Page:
ISSUE SEVEN: May Sell Tyres | next poem →

Mouth-Off (III)

Sonya Vatomsky

To bring yourself back from the dead you need flour, to start.
Rather a lot of it, and tallow candles,
with fat from the butcher. Mention my name — I loved him once,
but there's a reason you don't hear ever-afters
about butchers. Avoid lingering,
chitchat. Avoid eye-contact. Avoid the fine red meats,
for now.
Flour, milk, butter, sugar, eggs, salt,
yeast. Wait 2 hours.
Push down, let rise one more hour.
Let it catch up to you after sixty soft minutes,
let it walk behind you like a frightening thing in the dark,
let it breathe you in and fill your thin skin out,
let it end and begin you completely until, the final minute,
the final, final minute,
fearing stillbirth,
still life with two apples,
a pear:
let it be standard дрожжевое тесто,
turning aureate in the oven.
A gold ring, a yellow liferaft.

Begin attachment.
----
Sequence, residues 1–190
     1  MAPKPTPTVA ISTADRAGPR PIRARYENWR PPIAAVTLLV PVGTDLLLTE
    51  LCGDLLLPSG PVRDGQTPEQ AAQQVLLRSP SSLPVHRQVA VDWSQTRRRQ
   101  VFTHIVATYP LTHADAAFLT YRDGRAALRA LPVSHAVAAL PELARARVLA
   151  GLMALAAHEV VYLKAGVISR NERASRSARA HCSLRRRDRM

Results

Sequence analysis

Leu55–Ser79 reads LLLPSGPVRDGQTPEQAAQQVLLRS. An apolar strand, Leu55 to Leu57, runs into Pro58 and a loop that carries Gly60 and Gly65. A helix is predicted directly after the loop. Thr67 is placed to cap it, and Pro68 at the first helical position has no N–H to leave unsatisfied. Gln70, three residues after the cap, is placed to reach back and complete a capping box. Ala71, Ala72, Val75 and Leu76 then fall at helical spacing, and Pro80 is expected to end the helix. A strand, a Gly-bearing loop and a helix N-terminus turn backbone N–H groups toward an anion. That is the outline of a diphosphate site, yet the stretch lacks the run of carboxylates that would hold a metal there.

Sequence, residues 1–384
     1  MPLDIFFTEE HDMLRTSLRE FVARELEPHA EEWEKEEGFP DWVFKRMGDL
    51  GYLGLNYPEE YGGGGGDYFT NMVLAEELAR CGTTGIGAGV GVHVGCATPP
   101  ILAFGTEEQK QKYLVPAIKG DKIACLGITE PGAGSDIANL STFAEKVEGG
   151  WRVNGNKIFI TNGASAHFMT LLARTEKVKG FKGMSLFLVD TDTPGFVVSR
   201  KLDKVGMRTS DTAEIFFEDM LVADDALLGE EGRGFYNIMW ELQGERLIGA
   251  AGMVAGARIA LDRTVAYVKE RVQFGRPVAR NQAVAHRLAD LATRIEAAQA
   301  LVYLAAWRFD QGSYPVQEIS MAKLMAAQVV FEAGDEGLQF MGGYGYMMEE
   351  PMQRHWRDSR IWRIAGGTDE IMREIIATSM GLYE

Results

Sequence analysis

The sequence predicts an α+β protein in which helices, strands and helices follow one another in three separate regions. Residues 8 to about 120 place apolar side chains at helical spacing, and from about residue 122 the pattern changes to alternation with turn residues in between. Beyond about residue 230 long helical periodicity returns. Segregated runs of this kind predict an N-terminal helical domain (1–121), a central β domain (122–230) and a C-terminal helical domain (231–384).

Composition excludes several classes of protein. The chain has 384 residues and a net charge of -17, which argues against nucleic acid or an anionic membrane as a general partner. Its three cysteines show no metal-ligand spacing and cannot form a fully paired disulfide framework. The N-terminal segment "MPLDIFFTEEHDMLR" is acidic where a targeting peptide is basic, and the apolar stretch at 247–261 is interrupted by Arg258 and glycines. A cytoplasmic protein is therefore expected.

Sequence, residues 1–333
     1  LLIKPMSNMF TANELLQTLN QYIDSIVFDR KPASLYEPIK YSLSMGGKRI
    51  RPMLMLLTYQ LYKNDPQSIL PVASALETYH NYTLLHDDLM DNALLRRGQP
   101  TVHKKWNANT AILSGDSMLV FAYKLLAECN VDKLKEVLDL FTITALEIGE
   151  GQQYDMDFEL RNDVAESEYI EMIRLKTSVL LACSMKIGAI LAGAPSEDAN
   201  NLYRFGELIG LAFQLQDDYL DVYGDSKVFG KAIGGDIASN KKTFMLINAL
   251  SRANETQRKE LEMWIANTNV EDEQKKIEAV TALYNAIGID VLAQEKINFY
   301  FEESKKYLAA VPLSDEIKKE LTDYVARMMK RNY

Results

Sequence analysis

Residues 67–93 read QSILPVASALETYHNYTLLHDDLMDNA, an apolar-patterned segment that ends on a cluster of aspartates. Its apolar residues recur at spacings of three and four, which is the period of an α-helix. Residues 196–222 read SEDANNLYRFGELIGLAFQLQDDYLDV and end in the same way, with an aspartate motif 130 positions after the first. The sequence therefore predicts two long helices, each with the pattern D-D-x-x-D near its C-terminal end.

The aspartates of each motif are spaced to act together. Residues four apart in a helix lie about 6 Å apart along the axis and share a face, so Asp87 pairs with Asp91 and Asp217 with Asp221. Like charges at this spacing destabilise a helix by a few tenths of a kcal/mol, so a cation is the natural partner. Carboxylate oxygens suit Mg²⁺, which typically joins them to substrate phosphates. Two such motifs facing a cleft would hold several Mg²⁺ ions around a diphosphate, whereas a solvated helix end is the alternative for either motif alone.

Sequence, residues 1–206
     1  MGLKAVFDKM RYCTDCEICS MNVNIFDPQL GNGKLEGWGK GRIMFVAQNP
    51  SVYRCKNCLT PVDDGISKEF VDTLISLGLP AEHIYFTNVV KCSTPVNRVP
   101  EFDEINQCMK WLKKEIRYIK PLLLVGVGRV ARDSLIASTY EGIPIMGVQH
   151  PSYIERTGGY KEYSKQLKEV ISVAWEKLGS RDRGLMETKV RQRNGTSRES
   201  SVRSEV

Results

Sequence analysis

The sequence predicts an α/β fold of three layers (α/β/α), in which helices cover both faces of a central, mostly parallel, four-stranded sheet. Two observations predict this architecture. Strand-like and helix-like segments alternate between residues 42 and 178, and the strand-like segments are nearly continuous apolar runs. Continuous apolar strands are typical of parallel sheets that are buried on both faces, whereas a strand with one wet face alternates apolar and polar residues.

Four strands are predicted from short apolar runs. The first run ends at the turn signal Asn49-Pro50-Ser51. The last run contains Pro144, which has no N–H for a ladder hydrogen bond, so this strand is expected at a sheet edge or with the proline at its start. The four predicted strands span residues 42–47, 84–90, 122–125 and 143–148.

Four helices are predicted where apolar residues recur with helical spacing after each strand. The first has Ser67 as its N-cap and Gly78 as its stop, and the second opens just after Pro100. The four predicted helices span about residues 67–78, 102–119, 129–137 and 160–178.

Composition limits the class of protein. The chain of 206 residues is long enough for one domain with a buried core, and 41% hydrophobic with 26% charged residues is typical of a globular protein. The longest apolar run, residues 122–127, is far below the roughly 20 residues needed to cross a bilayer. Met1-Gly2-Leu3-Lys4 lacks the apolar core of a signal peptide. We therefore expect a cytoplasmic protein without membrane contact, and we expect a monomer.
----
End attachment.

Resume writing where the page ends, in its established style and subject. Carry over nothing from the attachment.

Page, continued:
Sonya Vatomsky is a Moscow-born, Seattle-raised feminist poet and essayist whose work appears in No Tokens, VIDA, Hermeneutic Chaos, Bone Bouquet, and elsewhere. She edits and reviews poetry at Fruita Pulp & her chapbook MY HEART IN ASPIC is part of Porkbelly Press' 2015 line-up. Find her online at and @coolniceghost.

ISSUE SEVEN: May Sell Tyres | next poem →

ISSUE SEVEN: May Sell Tyres

Jill Khoury
   [posterior vitreous detachment]

Sonya Vatomsky
   Mouth-Off (III)
   The Serbo-Croatian language
      uses the same word, čičak,
      for burdock and Velcro

Kamden Hilliard
   no baby but the poem is about you

Jessica Schouela
   The Funeral

Chris Campanioni
   Working Models

Sarah Ann Winn
   Suburban Thaw
   Rolling Acres Mall, Abandoned

Cynthia Conte
   Number three star: Fast years

Diane Gage
   Dear John (Cage)

John Lowther
   a sonnet from 555

Rebecca Yates
   What is "Emoji"?

Glen Armstrong

Marta Ferguson
   The Nether as Pizza Parlor

September Hinkle
   Surviving Charlie